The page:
A lot of the people in my paintings are just people I’m inspired by.
If you could put your artwork on any space in the city, where would that be?
Any wall downtown is really cool. I’m always stuck in traffic or something and you do nothing but look around at the walls and sometimes you’ll see some type of creative advertisement, like those funny Chick-fil-a ones. There’s this wall, and Patrick and I always talked about it, it’s at Auraria Parkway and Speer. There’s a building near the Pepsi center and there’s this empty space that’s really high up. Patrick McGregor, who does these colossal painted advertisements of the sides of buildings, is always looking at these tall buildings like, “I could paint on that.” And he can, he can literally paint on an entire building by himself. I would love to get that wall and work with him.
What’s something you think passersby might not notice about your work at first glance?
The reason I started doing more roses now is that I was at a Solution event, which is at 27th and Larimer, and basically the whole neighborhood was there hanging out, and there was a girl there, Tisa. She just had this really beautiful look, even though all the other girls were really beautiful too, she was just so different than anyone there, that I was just like “I have to paint you.” And then, I had to figure out a way to communicate that on a mural with the abstract portraits that I do, so that’s why I do a bed of roses on the background and have at least one blue rose signifying that unique beauty.
What does the future hold for you in terms of your art?
On June 30th, is my show at Redline called They Still Live, which is my photography work for the past year and my partner Tia’s photography work as well. It’s all about pairing African Americans with African masks from the Paul Hamilton collection and doing DNA tests on all the models who participated and showing that linkage between where the mask was from in terms of the tribe that made it and the heritage of the model.
And then in August, I’ll have a show at Helikon Gallery with my current work and many of the pieces with the roses and an interactive piece. I’m teaming up with my friends Tanya and Felix Fast Forward, local musicians, to do a painting of them which will also include the interactive paint that I use so that the painting turns into an instrument and they’re able to play on top of that painting of themselves. They’re going to compose some music on top of the actual painting.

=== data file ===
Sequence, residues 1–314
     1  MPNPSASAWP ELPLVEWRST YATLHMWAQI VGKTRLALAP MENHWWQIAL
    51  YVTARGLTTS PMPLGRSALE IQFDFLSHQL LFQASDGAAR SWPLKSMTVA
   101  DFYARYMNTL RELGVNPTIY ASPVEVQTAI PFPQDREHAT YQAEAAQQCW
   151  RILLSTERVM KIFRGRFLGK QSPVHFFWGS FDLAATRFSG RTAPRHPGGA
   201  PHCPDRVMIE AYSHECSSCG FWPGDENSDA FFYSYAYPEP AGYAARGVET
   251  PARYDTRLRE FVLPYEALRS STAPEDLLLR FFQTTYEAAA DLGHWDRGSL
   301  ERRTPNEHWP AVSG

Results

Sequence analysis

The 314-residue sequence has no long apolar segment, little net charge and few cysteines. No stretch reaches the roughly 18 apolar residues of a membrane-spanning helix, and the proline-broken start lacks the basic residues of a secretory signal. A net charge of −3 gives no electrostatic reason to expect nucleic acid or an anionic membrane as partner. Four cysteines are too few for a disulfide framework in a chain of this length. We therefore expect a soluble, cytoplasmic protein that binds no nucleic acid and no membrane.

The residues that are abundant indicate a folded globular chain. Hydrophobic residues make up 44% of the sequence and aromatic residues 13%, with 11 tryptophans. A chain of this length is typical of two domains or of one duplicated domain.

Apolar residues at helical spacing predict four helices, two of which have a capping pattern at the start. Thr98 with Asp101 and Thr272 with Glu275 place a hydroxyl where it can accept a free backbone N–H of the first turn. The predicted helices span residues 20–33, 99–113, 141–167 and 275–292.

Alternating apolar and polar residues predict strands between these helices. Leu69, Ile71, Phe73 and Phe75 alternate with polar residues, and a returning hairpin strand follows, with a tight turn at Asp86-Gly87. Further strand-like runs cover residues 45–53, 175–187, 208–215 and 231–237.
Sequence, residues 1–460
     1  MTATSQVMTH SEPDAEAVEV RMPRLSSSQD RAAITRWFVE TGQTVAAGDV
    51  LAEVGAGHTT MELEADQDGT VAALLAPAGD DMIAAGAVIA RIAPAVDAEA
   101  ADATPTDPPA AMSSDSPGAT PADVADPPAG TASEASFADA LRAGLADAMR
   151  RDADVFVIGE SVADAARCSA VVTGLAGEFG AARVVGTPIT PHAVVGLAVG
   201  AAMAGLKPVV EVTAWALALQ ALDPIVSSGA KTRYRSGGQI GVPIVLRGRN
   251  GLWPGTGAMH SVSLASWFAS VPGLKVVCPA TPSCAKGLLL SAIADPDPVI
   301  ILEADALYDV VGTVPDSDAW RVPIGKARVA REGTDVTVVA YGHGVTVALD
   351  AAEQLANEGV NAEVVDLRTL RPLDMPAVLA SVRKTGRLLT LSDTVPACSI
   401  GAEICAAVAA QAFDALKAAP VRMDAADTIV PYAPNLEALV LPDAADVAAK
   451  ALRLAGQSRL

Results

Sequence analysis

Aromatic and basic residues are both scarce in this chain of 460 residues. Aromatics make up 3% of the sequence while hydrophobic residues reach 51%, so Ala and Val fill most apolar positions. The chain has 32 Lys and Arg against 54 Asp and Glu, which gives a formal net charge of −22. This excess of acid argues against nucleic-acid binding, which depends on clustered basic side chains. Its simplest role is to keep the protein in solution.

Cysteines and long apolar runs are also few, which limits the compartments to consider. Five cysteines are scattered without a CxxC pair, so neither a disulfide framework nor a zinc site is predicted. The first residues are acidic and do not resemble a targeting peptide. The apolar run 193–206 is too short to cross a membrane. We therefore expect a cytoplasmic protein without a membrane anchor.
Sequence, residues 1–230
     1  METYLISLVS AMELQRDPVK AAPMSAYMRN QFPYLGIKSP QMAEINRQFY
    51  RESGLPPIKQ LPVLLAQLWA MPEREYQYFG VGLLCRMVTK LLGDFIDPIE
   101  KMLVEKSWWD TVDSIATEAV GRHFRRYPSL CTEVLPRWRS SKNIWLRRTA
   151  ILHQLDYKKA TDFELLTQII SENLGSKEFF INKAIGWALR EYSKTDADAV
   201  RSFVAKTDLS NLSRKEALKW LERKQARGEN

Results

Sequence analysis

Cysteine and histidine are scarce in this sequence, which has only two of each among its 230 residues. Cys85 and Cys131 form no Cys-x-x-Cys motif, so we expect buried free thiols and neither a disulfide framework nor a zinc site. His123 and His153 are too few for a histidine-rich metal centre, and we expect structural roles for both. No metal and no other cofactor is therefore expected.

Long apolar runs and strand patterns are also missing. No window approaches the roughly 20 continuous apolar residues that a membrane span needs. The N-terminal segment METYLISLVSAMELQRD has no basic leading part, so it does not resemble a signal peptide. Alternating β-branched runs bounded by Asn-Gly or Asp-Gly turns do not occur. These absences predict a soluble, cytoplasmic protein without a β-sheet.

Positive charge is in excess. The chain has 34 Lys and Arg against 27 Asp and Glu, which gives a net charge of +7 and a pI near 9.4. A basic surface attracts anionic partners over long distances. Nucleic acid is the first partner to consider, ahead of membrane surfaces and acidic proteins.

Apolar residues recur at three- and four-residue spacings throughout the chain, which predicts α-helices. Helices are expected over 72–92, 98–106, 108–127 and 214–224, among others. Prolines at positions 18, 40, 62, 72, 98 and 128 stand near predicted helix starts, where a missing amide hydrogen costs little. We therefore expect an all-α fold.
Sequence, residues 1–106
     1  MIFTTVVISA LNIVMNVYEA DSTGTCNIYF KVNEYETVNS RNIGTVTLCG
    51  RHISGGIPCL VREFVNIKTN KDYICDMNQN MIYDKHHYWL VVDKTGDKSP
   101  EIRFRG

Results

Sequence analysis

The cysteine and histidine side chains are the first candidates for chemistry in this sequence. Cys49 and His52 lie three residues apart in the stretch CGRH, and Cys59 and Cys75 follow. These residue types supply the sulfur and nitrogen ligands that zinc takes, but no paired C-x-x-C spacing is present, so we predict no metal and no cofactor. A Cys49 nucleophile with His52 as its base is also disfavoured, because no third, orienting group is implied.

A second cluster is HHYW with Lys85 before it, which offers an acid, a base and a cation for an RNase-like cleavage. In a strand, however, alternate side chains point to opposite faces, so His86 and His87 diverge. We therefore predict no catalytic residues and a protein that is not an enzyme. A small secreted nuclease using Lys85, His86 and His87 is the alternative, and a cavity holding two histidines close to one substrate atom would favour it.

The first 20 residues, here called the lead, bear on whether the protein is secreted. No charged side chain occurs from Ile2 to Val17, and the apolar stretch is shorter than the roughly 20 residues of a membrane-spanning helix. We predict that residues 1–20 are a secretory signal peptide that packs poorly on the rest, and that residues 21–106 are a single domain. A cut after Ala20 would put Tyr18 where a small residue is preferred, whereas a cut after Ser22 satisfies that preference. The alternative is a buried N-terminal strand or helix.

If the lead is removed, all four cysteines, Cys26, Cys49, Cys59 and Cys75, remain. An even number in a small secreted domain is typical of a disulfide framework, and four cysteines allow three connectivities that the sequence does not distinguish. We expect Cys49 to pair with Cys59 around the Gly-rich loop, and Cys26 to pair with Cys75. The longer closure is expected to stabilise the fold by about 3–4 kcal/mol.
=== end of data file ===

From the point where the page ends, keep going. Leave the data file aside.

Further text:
For Colorado Crush, it’s till up in the air about what wall I’m going to get, but I’ll definitely be back to paint something. In the meantime, I’ll be here and there practicing on different walls. I think I’m going to do another mural at Massif Studios; people really liked my work there.
I do my live painting at Ophelia’s on the evenings called Art and Soul. I also do live painting at Metal Art Kitchen, usually every other Friday. When I finish a piece of art there, it gets hung up on the wall so you can see it the next time you come in. I always try to make sure I keep a really fresh collection there; it’s always my newest pieces.
People like to see things created live and it’s exciting for me to see people’s reactions when they first come in and the hair’s not done and the eyes aren’t in and then when they leave it’s almost finished. With the abstract stuff, it’s really cool to see people like, “oh why did he put the blue there?! He’s putting in the wrong color!” I’ve gotten that a few times.
What does summertime in Denver mean to you?
Just being outside all the time and all the events like Colorado Crush, Cherry creek Arts Festival, Jazz Arts Fest, Larimer Block Party, just different festivals happening around town. Just having an opportunity to get out there more and more, plus all the days of sunshine we have. Summertime is that time to get out of the studio and be out with the public and painting outside. I paint in front of Metal Art Kitchen, in front of Solution and then on walls making new murals.
What do you usually order at a coffee shop?
I don’t drink alcohol, coffee or iced tea. I like handmade juice. There’s this watermelon juice that they sell at the bakery downstairs (Temple Bakery) which is like the best thing I’ve ever had. Anything really healthy, I really like. That, and Subway cookies. There’s just so gooey when they come out of the oven! The Subway on Park Ave. knows me because I’ll come in and just get three cookies. But other than that I try to just eat healthy foods.